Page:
ance_Number>0</Instance_Number><Object_Schema>SCOTT</Object_Schema><Object_Name>FOOBAR</Object_Name><Action>

3</Action><Returncode>942</Returncode>

<Sql_Text>

select * from foobar

</Sql_Text>

</AuditRecord>


When using object auditing you specify that an audit record should be created whenever a certain action is done on a certain object. You specify objects and statements, and you can use the standard qualifiers, but you can’t qualify by user. For example:

SQL> audit select on scott.emp by access;

Audit succeeded.




SQL> audit update on scott.emp by access;

Audit succeeded.




SQL> audit all on scott.emp by access;

Audit succeeded.




SQL> audit insert, update, delete on scott.emp by session;

Audit succeeded.

 

SQL> audit select on scott.emp by scott;

audit select on scott.emp by scott

                             *

ERROR at line 1:

ORA-01708: ACCESS or SESSION expected


This is useful for objects that already exist – but how do you handle objects that have not been created yet? It in not feasible to tie any object creation to a new AUDIT call and do this manually. Instead, use ON DEFAULT. For example, to specify that any new object created should have an audit trail for INSERT, UPDATE and DELETE:

SQL> audit update,insert,delete ON DEFAULT by access;

Audit succeeded.

Any new object will be “born” with these audit definitions (assuming that this object can be audited for these activities). To view what the defaults are:

SQL> select * from all_def_audit_opts;




ALT AUD COM DEL GRA IND INS LOC REN SEL UPD REF EXE FBK REA

--- --- --- --- --- --- --- --- --- --- --- --- --- --- ---

-/- -/- -/- A/A -/- -/- A/A -/- -/- -/- A/A -/- -/- -/- -/-




1 row selected.

What this “bitmap” shows is that any new object will automatically be audited for DELETE (DEL) – by access for success (the left side of A/A) and by access for failure (the right side of A/A), and the same for INSERT (INS) and UPDATE (UPD). This is a cumulative definition – for example:
SQL> audit update on default by session whenever successful;

Audit succeeded.




SQL> select * from all_def_audit_opts;




ALT AUD COM DEL GRA IND INS LOC REN SEL UPD REF EXE FBK REA

--- --- --- --- --- --- --- --- --- --- --- --- --- --- ---

-/- -/- -/- A/A -/- -/- A/A -/- -/- -/- S/A -/- -/- -/- -/-


You can audit views as well as base tables. If you audit both the view and the base table, and access the view, then you’ll get multiple records. For example, create a view on EMP and then audit both the view and the base table:

SQL> create view emp_details as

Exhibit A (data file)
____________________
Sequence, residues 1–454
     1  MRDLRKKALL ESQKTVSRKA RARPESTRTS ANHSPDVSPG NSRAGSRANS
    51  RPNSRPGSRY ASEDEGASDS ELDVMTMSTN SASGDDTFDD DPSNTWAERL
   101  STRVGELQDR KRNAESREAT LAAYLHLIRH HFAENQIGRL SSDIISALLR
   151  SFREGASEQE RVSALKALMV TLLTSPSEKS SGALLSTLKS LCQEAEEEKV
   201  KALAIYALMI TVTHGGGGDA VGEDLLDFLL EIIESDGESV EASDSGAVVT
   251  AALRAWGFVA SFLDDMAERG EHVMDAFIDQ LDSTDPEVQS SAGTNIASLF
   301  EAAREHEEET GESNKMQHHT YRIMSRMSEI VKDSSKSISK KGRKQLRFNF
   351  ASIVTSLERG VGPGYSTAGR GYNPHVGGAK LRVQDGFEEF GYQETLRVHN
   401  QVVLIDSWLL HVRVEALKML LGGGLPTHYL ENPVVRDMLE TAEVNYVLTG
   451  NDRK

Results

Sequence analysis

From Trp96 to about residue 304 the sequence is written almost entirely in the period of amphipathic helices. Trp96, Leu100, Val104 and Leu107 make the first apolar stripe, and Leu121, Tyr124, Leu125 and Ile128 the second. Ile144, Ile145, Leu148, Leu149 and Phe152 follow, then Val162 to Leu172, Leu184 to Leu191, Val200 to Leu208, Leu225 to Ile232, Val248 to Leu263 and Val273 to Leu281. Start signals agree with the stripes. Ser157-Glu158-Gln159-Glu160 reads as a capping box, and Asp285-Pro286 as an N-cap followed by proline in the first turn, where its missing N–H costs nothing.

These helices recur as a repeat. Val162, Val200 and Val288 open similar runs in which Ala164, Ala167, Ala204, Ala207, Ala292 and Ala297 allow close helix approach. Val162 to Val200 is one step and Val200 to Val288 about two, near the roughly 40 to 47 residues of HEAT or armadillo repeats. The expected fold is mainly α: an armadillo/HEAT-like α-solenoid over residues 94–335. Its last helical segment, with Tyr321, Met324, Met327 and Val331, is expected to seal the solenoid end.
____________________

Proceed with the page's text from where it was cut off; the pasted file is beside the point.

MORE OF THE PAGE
2 select EMPNO,ENAME,JOB,MGR,HIREDATE,DEPTNO

  3 from emp;




View created.




SQL> audit select on emp by access;

Audit succeeded.




SQL> audit select on emp_details by access;

Audit succeeded.

If you then query the view you will get two audit records.

SQL> select count(*) from emp_details;




  COUNT(*)

----------

     18219




select USERNAME,TIMESTAMP,ACTION_NAME,OWNER,OBJ_NAME,SQL_TEXT from dba_audit_trail

SCOTT        4/2/2008 11:42:18 AM  SELECT SCOTT     EMP select count(*) from emp_details                                               

SCOTT        4/2/2008 11:42:18 AM  SELECT SCOTT     EMP_DETAILS select count(*) from emp_details                                               


When using privilege auditing you define the privileges that, when used, cause an audit record to be created. An audit record is created only when the privilege is used – regardless of which statement was used. For example, if you audit based on the use of a CREATE ANY TABLE privilege, then an audit record is only created when a user does a CREATE TABLE outside their schema – but if they create a table in their own schema (and utilize the CREATE TABLE privilege and not the CREATE ANY TABLE privilege) then an audit record is not written. For example:

SQL> connect sys as sysdba

Enter password: 

Connected.




SQL> grant create any table to scott;

Grant succeeded.




SQL> audit create any table by scott by access;

Audit succeeded.




SQL> connect scott

Enter password: *****

Connected.

 

SQL> create table TAB_WONT_SHOW(i int);

Table created.




SQL> create table HR.TAB_WILL_SHOW(i int);

Table created.

The first CREATE TABLE does not use the CREATE ANY TABLE privilege so it will not show up in the audit trail. The PRIV_USED column in DBA_AUDIT_TRAIL shows you the privilege used:

SQL> select USERNAME,OWNER,OBJ_NAME,ACTION_NAME,PRIV_USED from dba_audit_trail;




USERNAME                       OWNER

------------------------------ ------------------------------

OBJ_NAME

--------------------------------------------------------------------------------

ACTION_NAME                  PRIV_USED

---------------------------- ----------------------------------------

SCOTT                          HR

TAB_WILL_SHOW

CREATE TABLE                 CREATE ANY TABLE

To audit all privileges (in this case with a user qualifier):